Church of Israel

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Church of Israel
Church of Israel.JPG
Classification Christian Identity
Headquarters 38°01′54″N 94°12′42″W / 38.0316°N 94.2117°W / 38.0316; -94.2117 (The Church of Israel)
Founder Dan Rothman
Origin 1972
Schell City, MO
Separated from Church of Christ at Zion's Retreat
Other name(s) Church of Our Christian Heritage
Official website http://www.churchofisrael.org/

The Church of Israel (formerly the Church of Our Christian Heritage) is a denomination that emerged from the Church of Christ (Temple Lot) in the Latter Day Saint movement.[1]

History[edit]

The Church of Israel was first organized in 1972. Dan Gayman had deposed the leaders of the Church of Christ at Zion's Retreat and was then elected leader of that church. Most of the members of the church followed Gayman. However, the deposed leaders of the Zion's Retreat church sued Gayman, and the courts ordered that the church property and name be returned to the deposed leader, and that the members of Gayman's congregation be barred from the premises. Gayman informally organized his congregation under the name the Church of Our Christian Heritage. In 1977, Gayman and 10 other individuals were arrested for trespassing when they led a group back to the Church of Christ at Zion's Retreat in an attempted forcible takeover. In 1981, Gayman incorporated the church under the name Church of Israel. Little of the Latter Day Saint Movement background of the church reportedly remains[1][2] in its current teachings and practices, although the influence and the beliefs of the Fettingite and the Church of Christ (Temple Lot) seem to be apparent in the rural and isolationist ("survivalist") setting for the church's headquarters and among many of its adherents. ("Message 18" in the Fettingite corpora urges believers to "go to the land" in order to "flee destruction" in or of, American cities.)

An investigative newspaper report about the Church of Israel was published in the Joplin Globe in January 2001.[3] The report was mostly negative and suggested that the church had ties to the Christian Identity movement. The Jewish Anti-Defamation League includes the Church of Israel in its list of "extremist groups."[4] The ADL report states that members of the church are said to have been involved at times with controversial figures such as Bo Gritz, Eric Rudolph, and Thomas Robb, a national leader of the Ku Klux Klan.[4]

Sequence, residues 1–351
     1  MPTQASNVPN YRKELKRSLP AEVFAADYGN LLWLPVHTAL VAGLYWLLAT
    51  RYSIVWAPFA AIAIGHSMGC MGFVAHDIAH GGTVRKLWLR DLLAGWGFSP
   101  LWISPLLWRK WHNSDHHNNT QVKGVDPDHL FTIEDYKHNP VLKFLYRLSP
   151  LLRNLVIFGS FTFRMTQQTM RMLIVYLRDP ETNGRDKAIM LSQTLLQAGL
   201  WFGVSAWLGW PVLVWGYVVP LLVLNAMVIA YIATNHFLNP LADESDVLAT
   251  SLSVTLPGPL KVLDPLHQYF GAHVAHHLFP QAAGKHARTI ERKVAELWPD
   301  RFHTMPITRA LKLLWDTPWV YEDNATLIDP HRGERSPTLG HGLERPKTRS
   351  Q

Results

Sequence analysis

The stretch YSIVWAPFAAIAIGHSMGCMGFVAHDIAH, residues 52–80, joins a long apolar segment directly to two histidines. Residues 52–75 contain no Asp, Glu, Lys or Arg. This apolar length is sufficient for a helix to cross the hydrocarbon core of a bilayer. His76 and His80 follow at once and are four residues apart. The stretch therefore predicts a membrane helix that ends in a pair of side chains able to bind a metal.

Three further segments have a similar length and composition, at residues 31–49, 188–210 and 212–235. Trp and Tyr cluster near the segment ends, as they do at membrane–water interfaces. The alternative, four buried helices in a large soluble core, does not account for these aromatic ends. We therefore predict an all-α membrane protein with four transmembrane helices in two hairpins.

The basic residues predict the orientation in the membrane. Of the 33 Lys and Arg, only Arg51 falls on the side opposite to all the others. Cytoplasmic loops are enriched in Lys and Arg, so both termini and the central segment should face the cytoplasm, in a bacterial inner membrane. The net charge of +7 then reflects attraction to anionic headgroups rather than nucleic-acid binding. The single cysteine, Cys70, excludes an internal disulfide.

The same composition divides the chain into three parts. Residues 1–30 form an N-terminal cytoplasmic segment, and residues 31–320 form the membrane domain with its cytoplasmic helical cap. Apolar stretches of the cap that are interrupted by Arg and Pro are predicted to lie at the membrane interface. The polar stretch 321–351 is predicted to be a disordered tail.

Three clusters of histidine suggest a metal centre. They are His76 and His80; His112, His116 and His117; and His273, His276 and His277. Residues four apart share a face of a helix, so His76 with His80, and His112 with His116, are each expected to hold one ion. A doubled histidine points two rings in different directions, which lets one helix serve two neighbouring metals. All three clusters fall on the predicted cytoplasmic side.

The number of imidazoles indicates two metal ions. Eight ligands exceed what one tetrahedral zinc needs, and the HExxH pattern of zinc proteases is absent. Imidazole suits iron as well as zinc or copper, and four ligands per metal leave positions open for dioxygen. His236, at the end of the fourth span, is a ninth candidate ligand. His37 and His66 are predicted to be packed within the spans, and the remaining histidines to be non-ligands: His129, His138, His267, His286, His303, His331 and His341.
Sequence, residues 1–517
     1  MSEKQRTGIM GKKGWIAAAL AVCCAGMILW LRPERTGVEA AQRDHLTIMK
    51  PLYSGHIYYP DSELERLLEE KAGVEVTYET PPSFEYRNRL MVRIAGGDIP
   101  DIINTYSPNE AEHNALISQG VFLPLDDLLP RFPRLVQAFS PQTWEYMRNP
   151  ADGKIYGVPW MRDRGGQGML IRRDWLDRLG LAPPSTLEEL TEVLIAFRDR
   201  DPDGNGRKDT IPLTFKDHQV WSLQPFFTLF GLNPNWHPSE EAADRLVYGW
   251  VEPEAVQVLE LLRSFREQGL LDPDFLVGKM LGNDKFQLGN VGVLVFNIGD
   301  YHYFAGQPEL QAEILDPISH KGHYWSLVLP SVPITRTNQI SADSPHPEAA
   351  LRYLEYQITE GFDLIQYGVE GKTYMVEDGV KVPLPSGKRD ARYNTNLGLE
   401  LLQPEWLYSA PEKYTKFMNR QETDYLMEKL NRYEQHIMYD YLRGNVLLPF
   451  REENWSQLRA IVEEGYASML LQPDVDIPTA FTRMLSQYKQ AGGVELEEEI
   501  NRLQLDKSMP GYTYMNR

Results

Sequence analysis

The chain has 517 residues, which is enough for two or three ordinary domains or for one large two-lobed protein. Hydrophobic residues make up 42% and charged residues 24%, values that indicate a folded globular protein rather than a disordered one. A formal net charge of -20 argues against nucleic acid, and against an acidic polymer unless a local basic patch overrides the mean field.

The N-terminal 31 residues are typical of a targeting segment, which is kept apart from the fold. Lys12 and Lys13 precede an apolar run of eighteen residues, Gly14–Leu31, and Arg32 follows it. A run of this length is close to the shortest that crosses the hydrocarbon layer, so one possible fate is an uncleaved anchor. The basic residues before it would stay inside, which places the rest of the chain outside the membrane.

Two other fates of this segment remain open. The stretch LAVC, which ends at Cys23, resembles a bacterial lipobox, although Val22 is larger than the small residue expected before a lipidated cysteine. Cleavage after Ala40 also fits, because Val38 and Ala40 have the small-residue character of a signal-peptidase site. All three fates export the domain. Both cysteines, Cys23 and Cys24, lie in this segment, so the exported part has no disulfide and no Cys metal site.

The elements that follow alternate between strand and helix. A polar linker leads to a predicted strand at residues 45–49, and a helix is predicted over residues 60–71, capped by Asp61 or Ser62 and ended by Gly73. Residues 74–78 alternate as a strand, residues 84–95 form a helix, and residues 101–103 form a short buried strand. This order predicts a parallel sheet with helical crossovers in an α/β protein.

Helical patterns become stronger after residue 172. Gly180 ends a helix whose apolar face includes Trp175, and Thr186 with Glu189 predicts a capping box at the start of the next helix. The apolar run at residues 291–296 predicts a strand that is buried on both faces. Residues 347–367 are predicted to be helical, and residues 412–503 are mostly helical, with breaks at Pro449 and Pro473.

FBI's Photo of Eric Rudolph

2003 Rudolph connection[edit]

Main article: Eric Rudolph

In 2003, it was revealed that the Olympic Park bomber and 10 most Wanted fugitive Eric Rudolph and his mother had attended the Church of Israel in 1984 for three or four months, when Eric was 18.[5][6] Gayman assumed a fatherly relationship with Rudolph and planned to groom Eric as a potential son-in-law by encouraging Eric to date his daughter.

2003 lawsuit[edit]

After a falling-out between Gayman and two other leaders of the church in 2003,[7] Gayman filed a lawsuit in an attempt to revoke a severance agreement that included the deed to a house and property that had been given to a former minister, Scott Stinson. Ultimately the judge sided with Stinson.[7]

Publications[edit]

The church issues a quarterly newsletter called The Watchman.[4]

Beliefs[edit]

Serpent seed doctrine[edit]

Gayman is famous for his efforts in propagating the theology known as Two-Seedline, or serpent’s seed doctrine. This doctrine hold that white people are descendants of Adam and are hence the chosen people of God. The Jewish people are said to be descendants of Cain and thus of Satan. This belief was developed by Wesley A. Swift, Conrad Gaard, Dan Gayman,[4][8] and William Potter Gale, among others.[9]

Anti-government[edit]

The Church of Israel holds a "deep distrust for the government".[6] At one time, the church did not believe in the use of Social Security numbers, driver's licenses, or marriage licenses.[6] Most children in the church who were home-birthed do not have Social Security numbers.[6]

Medicine[edit]

The Church of Israel believes that the medical profession is "Jewish" and discourages the use of doctors and immunizations.[6]

See also[edit]

Notes[edit]

  1. ^ a b J. Gordon Melton, Encyclopedia of American Religions (Detroit: Gale, ISBN 0-8103-7714-4) p. 540.
  2. ^ Lambertson, Giles (03 June 1976), "11 Arrested at Church After a Take-Over Try", written at Schell City, MO, The Nevada Daily Mail (Nevada, MO: Rust Communications) 92 (252): 1–2, retrieved 16 August 2012 
  3. ^ Max McCoy, "Separatist by faith: Church of Israel's patriarch rebuts claims of racism", Joplin Globe, January 28, 2001.
  4. ^ a b c d "Extremism in America: Dan Gayman". Anti-Defamation League. 2005. Retrieved 16 August 2012. 
  5. ^ Laura Parker, Richard Willing and Larry Copeland, "Rudolph was not the suspect FBI expected", USA Today, 2003-06-05.
  6. ^ a b c d e "Tim and Sarah Gayman Discuss Growing Up in the Anti-Semitic Christian Identity Movement", Intelligence Report (Summer 2001 ed.) (Southern Poverty Law Center) (102), 2001, retrieved 16 August 2012 
  7. ^ a b Woodin, Debbie (1 May 2003). "Judge denies Church of Israel loses suit". tes. Retrieved 16 August 2012. 
  8. ^ "Christian Identity". Watchman Fellowship. Retrieved 16 August 2012. 
  9. ^ Lewis, James R.; Jesper Aagaard Petersen (2005). Controversial New Religions (illustrated ed.). Oxford University Press US. pp. 394–395. ISBN 0-19-515682-X. Retrieved 2009-02-20. 

References[edit]

External links[edit]